MAC Antonio Lopez 6 Eyes/Teal Eyeshadow Palette ($43.50 for 0.19 oz.) is a new and limited edition palette that launches in-stores on September 12th. It contains six eyeshadows. Like a lot of MAC’s limited edition palettes, it’s a mixed bag. Some shades performed decent to well, others were more disappointing. These perform best over a primer, and I wouldn’t recommend wearing them without one for two reasons: 1) they don’t last well  (six hours), and 2) Colourful Life is prone to staining without a primer.  Even though four of the six shades are decent, one is an abysmal failure and the other is only slightly less worse.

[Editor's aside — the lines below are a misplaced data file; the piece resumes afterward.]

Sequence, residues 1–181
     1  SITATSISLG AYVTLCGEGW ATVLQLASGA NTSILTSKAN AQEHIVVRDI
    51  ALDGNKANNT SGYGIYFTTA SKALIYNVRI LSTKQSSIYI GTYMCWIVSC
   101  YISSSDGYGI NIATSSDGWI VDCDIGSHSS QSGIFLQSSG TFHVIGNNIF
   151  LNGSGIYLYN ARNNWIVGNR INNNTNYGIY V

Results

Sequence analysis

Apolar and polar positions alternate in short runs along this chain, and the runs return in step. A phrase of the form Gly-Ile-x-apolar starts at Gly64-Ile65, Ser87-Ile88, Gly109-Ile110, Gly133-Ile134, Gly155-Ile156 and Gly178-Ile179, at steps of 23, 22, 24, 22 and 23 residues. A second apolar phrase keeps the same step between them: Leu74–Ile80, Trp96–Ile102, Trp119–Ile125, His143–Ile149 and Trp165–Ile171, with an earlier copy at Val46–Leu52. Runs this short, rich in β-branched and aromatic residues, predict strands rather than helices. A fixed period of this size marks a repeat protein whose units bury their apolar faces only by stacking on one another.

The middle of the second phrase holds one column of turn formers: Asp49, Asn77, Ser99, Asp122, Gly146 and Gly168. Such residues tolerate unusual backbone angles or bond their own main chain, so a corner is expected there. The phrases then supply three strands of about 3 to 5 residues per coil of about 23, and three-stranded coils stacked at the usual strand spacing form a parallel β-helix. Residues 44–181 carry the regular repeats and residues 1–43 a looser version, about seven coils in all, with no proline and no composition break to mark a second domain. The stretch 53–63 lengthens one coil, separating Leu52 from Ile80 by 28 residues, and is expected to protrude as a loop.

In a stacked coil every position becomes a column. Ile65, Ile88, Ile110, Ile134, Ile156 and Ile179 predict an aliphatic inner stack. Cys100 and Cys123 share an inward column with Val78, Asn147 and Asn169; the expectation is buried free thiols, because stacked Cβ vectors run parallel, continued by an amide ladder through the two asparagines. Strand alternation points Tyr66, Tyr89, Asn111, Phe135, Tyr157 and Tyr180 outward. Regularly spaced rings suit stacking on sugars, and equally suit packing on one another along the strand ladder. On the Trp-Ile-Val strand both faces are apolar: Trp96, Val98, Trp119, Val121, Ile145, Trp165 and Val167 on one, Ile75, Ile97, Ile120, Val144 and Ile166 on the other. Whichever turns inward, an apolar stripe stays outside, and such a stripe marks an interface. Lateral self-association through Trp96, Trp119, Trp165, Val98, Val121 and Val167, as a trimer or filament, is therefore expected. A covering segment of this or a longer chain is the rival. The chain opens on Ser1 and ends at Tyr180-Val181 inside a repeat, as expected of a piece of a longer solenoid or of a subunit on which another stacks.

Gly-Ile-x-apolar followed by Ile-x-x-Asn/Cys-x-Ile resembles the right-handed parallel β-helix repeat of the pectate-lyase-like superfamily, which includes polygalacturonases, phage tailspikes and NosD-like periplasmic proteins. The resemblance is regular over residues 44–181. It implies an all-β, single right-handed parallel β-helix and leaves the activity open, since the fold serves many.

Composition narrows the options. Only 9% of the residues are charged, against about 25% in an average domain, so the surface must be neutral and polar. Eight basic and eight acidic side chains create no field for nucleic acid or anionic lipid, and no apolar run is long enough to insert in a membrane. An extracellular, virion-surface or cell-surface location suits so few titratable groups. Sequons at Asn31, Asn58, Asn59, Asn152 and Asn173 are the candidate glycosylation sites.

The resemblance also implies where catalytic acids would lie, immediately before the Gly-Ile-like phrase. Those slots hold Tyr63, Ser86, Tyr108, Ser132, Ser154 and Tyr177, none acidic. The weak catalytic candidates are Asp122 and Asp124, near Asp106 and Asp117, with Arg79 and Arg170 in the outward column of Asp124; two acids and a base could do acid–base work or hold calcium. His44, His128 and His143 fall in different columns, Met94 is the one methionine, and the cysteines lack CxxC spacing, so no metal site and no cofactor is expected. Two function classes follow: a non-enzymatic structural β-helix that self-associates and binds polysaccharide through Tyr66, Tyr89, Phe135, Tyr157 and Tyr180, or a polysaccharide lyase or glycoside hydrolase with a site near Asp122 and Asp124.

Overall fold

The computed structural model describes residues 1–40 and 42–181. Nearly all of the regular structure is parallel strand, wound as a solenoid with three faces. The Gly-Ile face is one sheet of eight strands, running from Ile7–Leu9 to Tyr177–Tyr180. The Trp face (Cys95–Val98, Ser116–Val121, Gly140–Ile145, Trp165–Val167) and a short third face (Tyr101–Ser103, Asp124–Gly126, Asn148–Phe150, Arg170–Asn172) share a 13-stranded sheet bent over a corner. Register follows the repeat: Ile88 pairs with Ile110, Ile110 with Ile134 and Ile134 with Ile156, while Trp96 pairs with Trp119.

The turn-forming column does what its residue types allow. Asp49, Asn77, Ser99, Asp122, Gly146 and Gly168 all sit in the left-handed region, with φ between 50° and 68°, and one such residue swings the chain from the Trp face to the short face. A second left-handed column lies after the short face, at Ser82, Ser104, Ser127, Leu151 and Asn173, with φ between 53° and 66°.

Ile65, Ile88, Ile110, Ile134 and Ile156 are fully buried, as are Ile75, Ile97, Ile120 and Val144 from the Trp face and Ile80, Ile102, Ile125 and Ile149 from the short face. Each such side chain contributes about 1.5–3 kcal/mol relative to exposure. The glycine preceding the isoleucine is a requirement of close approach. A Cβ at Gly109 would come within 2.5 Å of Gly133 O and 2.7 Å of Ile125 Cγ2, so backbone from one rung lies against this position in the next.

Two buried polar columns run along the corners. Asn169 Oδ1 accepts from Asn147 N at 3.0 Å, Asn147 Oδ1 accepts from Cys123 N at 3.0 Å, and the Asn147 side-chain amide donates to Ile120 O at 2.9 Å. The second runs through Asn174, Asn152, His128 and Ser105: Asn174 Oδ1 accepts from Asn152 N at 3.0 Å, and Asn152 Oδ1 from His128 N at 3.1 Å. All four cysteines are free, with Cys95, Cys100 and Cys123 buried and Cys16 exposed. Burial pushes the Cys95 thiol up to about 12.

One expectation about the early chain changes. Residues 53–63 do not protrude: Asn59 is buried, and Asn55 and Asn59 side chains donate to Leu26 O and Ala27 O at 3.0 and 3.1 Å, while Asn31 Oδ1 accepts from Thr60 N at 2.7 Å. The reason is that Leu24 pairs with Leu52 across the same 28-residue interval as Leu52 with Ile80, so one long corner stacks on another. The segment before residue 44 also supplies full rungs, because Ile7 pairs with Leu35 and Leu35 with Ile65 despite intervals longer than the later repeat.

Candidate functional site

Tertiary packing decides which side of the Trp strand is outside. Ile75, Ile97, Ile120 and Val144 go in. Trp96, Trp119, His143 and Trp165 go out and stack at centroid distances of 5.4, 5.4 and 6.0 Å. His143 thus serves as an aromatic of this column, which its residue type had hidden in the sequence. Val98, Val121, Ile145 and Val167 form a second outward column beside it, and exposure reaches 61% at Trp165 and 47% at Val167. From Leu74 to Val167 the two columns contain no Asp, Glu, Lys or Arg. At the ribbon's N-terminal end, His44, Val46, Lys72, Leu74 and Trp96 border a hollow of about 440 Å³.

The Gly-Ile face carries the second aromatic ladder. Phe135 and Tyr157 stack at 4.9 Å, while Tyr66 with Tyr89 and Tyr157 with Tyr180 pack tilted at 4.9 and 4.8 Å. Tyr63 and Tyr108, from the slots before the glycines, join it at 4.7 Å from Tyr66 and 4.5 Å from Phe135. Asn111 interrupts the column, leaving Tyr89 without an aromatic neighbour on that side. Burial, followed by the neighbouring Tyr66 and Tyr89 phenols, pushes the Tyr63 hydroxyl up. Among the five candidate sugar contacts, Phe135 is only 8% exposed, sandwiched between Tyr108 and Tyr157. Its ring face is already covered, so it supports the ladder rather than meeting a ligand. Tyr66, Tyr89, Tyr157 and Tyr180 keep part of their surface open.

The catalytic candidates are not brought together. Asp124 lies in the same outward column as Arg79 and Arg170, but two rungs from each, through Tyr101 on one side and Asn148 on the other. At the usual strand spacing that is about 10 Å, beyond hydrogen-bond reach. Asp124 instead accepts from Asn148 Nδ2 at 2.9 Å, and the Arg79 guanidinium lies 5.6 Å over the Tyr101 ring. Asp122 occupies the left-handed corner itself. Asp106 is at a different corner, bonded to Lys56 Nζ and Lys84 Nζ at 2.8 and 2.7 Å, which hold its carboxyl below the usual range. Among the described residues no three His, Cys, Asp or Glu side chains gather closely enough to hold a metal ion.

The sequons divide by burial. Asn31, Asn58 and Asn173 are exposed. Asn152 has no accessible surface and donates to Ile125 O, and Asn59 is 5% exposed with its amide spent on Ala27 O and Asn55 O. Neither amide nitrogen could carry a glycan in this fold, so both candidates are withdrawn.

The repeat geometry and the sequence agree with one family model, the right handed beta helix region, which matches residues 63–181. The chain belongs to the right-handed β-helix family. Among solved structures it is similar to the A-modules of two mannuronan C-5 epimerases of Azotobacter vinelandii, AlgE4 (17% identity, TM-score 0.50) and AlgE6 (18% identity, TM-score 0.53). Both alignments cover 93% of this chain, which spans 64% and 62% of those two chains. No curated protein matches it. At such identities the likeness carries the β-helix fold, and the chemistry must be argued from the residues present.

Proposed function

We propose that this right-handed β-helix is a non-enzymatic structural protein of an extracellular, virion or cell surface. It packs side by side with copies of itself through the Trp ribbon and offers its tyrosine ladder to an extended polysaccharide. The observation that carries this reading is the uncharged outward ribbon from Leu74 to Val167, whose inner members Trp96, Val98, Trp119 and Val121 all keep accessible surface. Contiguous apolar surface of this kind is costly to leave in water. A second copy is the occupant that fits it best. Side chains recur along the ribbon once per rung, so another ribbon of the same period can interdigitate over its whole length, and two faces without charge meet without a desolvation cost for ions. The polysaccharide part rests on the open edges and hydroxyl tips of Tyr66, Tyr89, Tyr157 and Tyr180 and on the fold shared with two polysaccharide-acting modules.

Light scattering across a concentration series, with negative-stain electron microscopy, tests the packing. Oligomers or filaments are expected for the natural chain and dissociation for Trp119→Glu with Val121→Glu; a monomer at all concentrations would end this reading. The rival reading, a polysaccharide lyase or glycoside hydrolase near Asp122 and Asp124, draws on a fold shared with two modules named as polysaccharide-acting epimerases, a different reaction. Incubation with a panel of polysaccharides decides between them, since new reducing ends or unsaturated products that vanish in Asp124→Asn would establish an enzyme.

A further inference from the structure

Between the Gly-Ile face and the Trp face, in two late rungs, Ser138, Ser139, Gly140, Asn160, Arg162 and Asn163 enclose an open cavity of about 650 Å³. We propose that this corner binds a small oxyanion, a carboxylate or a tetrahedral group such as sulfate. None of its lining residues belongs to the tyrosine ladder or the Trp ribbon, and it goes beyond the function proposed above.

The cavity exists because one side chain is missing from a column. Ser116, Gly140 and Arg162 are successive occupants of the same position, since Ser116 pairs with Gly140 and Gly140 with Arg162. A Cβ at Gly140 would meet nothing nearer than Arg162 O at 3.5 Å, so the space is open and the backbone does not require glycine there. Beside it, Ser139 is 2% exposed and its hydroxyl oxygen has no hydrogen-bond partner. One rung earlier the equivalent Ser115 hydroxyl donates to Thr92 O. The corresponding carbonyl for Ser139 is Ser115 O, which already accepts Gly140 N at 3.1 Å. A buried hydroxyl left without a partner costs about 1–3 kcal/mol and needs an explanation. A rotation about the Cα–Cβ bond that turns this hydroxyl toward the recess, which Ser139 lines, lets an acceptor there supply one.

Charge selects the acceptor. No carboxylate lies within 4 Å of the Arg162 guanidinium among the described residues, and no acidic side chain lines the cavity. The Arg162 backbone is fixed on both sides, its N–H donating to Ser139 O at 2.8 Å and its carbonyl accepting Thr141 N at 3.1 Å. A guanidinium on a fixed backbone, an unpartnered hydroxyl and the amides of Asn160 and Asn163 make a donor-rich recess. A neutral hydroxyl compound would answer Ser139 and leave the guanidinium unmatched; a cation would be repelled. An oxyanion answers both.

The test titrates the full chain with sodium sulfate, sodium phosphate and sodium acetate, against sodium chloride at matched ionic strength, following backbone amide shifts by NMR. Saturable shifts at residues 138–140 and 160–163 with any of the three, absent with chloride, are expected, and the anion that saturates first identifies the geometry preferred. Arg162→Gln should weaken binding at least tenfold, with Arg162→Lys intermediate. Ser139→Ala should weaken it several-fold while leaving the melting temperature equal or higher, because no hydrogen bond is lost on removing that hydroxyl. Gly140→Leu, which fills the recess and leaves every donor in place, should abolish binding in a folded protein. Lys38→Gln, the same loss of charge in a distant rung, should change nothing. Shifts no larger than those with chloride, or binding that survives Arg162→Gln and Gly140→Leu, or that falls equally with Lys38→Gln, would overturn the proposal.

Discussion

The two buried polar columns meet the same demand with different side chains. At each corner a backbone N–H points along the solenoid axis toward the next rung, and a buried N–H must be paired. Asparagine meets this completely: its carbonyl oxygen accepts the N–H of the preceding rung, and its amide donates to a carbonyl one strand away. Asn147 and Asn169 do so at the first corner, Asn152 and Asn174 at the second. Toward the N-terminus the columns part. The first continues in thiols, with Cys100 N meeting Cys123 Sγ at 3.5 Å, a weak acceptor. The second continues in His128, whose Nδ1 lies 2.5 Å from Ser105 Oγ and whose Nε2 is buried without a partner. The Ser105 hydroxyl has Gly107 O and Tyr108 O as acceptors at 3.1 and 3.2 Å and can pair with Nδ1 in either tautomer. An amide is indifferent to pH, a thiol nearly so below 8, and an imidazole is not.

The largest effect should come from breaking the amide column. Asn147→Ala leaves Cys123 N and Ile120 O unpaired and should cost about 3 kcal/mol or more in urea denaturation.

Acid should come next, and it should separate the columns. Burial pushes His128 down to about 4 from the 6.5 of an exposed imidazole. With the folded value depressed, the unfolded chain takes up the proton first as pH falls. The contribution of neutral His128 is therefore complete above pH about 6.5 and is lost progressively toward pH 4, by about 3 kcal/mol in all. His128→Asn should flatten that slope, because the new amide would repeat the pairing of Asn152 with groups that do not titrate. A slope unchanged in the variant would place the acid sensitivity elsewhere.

Sex & Disco is described as a “sparkling cool silver [with a Lustre finish].” It’s a lavender-tinted gray with silver sparkle. This shade embodies a true Lustre finish, as it was powdery, glittery, and sheer–it’s the type of texture that doesn’t bind together, so you’re left with sparkle that gets everywhere but the lid. A lot of the fall out ended up underneath the eye during application, but there were still a few stray sparkles after wearing it all day. MAC Time to Tango is darker, purpler. MAC Amethyst is warmer. MAC Silverwear is less sparkly. See comparison swatches.